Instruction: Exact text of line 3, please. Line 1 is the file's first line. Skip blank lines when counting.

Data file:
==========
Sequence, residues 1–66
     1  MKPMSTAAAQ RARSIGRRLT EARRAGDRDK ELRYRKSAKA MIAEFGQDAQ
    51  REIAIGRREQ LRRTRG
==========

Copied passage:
    51  REIAIGRREQ LRRTRG